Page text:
Media release: Setting the world on a course toward sustainable development
Tuesday, 6 June 2017
A major new report by Professor Philippa Howden-Chapman and others on the challenge of achieving the UN Sustainable Development Goals has just been been released.
Not all good policies, in isolation, lead to an overall good outcome. Interactions and linkages between policies are what will lead us towards a more sustainable world, according to a new International Council for Science (ICSU) report.
A group of researchers are calling for New Zealand policy-makers to urgently focus on positive interactions between different government policies and keep alert to the negative effects of others.
Professor Philippa Howden-Chapman from the University of Otago, Wellington (UOW) together with 21 scientists from around the world, authored this major new report, which addresses the challenge of achieving the UN Sustainable Development Goals (SDGs).
“New Zealand, as a member of the United Nations, is expected to report regularly as to how it is achieving the SDGs. An integrated approach is essential,” says Professor Howden-Chapman.
The UN SDGs were adopted in 2015 as a universal set of goals to guide sustainable development to 2030. They cover issues from sustainable cities to clean water to gender equity and good governance. The 17 goals, and their specific targets, are intended to set the world on a course toward inclusive, sustainable development.
In the new report A Guide to SDG Interactions: from Science to Implementation, the scientists considered interactions between different goals and targets, determining to what extent they reinforce or conflict with one another. It includes detailed analyses of four of the UN’s 17 Sustainable Development Goals to help illustrate the value of this integrated approach.
“We need to make the most of important linkages offered by the SDGs, such as linking health and well-being policies with urban development, housing, transport and climate change,” she says.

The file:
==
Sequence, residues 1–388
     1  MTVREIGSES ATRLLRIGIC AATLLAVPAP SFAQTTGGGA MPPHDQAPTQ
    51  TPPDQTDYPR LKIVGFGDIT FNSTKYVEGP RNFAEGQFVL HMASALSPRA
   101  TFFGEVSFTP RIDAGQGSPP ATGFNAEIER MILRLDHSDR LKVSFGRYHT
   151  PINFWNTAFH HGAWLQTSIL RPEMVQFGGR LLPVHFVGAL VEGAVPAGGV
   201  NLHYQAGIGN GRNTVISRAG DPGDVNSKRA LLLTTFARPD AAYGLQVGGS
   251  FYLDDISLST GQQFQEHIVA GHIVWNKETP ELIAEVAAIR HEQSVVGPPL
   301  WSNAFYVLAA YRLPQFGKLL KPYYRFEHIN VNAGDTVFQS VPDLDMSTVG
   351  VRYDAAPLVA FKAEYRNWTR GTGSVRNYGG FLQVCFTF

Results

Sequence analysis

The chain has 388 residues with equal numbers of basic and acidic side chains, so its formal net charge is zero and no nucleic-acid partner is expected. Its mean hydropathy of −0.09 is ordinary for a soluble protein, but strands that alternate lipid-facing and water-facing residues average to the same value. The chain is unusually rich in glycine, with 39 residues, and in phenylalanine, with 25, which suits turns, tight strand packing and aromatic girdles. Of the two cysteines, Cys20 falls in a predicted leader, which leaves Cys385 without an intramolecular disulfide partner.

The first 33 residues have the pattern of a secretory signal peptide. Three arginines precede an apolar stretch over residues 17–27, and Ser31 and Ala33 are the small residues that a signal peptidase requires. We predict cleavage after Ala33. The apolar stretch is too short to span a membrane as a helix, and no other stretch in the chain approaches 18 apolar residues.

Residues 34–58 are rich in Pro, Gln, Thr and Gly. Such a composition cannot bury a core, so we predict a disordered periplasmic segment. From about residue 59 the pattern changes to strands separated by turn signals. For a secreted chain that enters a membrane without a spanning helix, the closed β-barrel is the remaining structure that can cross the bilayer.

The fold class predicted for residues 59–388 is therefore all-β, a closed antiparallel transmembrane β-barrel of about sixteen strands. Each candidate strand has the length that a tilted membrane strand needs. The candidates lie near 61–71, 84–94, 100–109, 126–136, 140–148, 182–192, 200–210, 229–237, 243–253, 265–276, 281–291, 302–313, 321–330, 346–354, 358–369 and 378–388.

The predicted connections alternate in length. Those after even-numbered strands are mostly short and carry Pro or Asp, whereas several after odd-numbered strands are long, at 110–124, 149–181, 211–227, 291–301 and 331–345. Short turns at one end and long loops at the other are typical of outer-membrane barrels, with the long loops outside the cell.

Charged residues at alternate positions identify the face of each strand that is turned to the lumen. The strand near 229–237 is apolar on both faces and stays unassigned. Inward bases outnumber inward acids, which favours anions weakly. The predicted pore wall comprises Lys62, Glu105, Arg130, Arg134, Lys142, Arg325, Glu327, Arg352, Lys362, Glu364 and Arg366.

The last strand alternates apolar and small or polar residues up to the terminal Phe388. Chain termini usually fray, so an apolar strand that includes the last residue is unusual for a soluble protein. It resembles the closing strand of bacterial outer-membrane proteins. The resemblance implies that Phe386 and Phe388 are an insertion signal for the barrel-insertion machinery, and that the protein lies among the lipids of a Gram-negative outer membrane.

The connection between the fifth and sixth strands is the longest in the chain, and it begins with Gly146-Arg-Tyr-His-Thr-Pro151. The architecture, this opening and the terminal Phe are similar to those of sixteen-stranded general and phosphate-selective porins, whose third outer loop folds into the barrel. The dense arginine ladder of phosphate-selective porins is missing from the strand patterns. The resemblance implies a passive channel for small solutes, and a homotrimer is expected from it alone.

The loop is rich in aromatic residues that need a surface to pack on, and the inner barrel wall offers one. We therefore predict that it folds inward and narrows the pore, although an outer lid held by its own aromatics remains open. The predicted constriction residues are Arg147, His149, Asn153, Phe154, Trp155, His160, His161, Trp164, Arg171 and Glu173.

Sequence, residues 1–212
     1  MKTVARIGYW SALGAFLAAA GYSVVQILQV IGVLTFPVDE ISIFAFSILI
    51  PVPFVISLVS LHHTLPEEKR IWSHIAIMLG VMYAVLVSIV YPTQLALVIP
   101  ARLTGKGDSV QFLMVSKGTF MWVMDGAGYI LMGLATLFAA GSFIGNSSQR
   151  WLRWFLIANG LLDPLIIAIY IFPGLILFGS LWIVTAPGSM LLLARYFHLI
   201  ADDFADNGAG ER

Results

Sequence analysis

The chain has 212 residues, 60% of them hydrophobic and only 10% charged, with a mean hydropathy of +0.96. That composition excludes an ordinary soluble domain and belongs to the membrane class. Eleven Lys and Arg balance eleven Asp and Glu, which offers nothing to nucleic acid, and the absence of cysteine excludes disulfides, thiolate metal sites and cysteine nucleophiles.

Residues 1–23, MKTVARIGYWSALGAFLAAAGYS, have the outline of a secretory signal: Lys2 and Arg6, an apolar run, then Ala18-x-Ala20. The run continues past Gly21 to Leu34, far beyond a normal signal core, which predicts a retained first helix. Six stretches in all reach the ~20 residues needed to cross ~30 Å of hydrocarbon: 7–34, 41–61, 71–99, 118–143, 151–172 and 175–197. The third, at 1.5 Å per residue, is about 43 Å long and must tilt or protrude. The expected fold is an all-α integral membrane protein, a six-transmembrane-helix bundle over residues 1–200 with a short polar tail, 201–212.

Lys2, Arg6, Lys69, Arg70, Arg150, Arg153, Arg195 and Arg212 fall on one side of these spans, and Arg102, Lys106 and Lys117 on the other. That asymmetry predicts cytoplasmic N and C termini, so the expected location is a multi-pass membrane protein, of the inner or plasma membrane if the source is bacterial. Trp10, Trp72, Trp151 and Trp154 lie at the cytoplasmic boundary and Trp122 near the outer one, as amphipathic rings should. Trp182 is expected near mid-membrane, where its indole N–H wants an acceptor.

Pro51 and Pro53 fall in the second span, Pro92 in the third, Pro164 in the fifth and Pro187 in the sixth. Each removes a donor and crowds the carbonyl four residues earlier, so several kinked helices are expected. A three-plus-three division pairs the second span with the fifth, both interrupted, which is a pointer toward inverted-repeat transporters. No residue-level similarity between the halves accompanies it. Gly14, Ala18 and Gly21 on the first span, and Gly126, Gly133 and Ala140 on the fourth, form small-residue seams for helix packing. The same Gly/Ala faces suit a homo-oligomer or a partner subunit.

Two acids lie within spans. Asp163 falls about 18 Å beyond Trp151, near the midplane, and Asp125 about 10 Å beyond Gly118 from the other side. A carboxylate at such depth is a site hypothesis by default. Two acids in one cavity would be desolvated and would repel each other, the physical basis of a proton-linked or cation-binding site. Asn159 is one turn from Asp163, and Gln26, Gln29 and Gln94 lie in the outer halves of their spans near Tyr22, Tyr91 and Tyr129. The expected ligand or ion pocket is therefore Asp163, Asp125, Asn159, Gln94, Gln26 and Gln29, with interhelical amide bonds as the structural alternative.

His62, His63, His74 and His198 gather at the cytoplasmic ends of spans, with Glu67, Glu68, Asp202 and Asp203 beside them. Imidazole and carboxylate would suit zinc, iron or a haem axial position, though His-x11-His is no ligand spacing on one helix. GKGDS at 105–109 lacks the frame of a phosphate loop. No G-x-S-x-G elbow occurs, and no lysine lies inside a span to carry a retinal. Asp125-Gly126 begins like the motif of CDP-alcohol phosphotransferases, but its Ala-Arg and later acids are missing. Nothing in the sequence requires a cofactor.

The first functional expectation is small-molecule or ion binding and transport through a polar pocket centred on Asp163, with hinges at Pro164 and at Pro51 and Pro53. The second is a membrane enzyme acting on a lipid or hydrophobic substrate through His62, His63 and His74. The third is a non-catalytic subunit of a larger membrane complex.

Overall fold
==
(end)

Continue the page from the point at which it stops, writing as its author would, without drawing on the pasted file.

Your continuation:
Professor Howden-Chapman along with UOW’s Dr Elinor Chisholm and Associate Professor Ralph Chapman at Victoria University of Wellington, and colleagues at the United Nations University and the University of Sydney, co-authored the SDG 3 chapter on health and wellbeing.
“The report shows, for example, that investing in environmental protection helps the goal of improving economic growth to support the goal of improved health,” says Professor Howden-Chapman, who leads the NZ Centre for Sustainable Cities (NZCSC).
“The NZCSC is a model of collaboration and cross-disciplinary work. We were chosen to contribute to this international report due to our systems approach to urban work. We are helping to pioneer the use of big data to analyse different policies and their effects on health and well-being.”
The NZCSC is hosted at the University of Otago, Wellington and includes researchers from other universities and organisations such as Victoria University of Wellington and NIWA.
“The new ICSU report is an important tool for policymakers across all sectors to prioritise, implement and achieve the SDGs, ensuring that working towards each goal supports the achievement of other goals,” says Professor Howden-Chapman.